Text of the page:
It looks like a rectangle was cut 19 x 22" and it was seamed up along the long edges to make a tube. Each end was then hemmed to creat a casing for the draw string. The top one is cinched up tight and made into a loop/bow that you can use to hang it up -- the botton opening is left loose enough that you can stuff (and also remove) plastic sacks from the grocery store. I can imagine prints or even a pieced section through the middle would be darling. It is very useful. It would make a nicer gift if you gave it full of bags.
Just a hint here, the plastic sack containers can be easily made from a teas towel or dishcloth (whatever Americans call things for drying the dishes with. There are so many colours and designs to choose from. Fold over each end about 1", stitch along. This makes a thing to thread a drawstring through the top and elastic through the bottom. Sew up the long side, thread the things through each end and hey-presto, as bag to keep your bags in. I used to have one out of a tea towel but made one out of my kitchen curtain material and it looks great.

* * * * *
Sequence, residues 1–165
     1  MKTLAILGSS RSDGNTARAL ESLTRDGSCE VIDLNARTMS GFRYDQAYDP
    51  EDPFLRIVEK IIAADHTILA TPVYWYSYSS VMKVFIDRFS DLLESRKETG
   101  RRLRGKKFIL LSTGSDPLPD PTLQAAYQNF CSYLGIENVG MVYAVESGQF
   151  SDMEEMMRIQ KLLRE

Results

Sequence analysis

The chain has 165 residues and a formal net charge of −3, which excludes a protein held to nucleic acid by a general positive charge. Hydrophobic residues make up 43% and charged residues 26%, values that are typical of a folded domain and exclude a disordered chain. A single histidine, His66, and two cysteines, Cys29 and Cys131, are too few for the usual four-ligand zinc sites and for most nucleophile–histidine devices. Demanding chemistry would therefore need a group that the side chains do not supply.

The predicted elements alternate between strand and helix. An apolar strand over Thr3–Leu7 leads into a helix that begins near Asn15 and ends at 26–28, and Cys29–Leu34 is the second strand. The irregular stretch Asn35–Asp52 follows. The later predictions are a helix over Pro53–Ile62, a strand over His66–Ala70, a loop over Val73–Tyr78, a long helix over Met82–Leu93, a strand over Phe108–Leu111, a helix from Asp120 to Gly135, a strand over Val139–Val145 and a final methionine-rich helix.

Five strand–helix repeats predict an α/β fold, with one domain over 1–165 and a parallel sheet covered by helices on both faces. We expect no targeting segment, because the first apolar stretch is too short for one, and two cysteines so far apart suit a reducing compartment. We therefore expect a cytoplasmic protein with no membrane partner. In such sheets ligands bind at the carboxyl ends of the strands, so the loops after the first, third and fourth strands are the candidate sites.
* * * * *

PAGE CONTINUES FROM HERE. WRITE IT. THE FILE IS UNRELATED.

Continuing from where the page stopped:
Making fabric drawstring bags to wrap foodstuffs/gifts in--this would also work with the fruitcakes all you fruitcakes are making out there, and would involve fabric scraps too! Examples: teas, food, note cards.
Make wine bottle bags as gifts, then give wine (or champagne or: seasoned oils or vinegars).
Large floor pillow (for watching tv with.) Make each with a quilt pattern. Add borders to the quilt block to make the square large einough for a 18" x 18" pillow.
You can make a lot of things for men just by using masculine fabrics. For instance, book covers, padded hangers, eyeglass cases, etc. that aren't made with pink satin and lace trimming. You might want to try your hand at making ties from holiday prints. There are commercial patterns out there...How about sports items, like belt pouches and small velcro bags made from nylon?
Try making a light attached to an elastic head band? The light would be very tiny, but also, give off a nice "pool" of light & be very bright. It could be used when you need your hands free.
Has anyone mentioned, placemats and those "Victorian drawstring pouches that were originally meant for jewelry and eveyone I know using them for sewing supplies?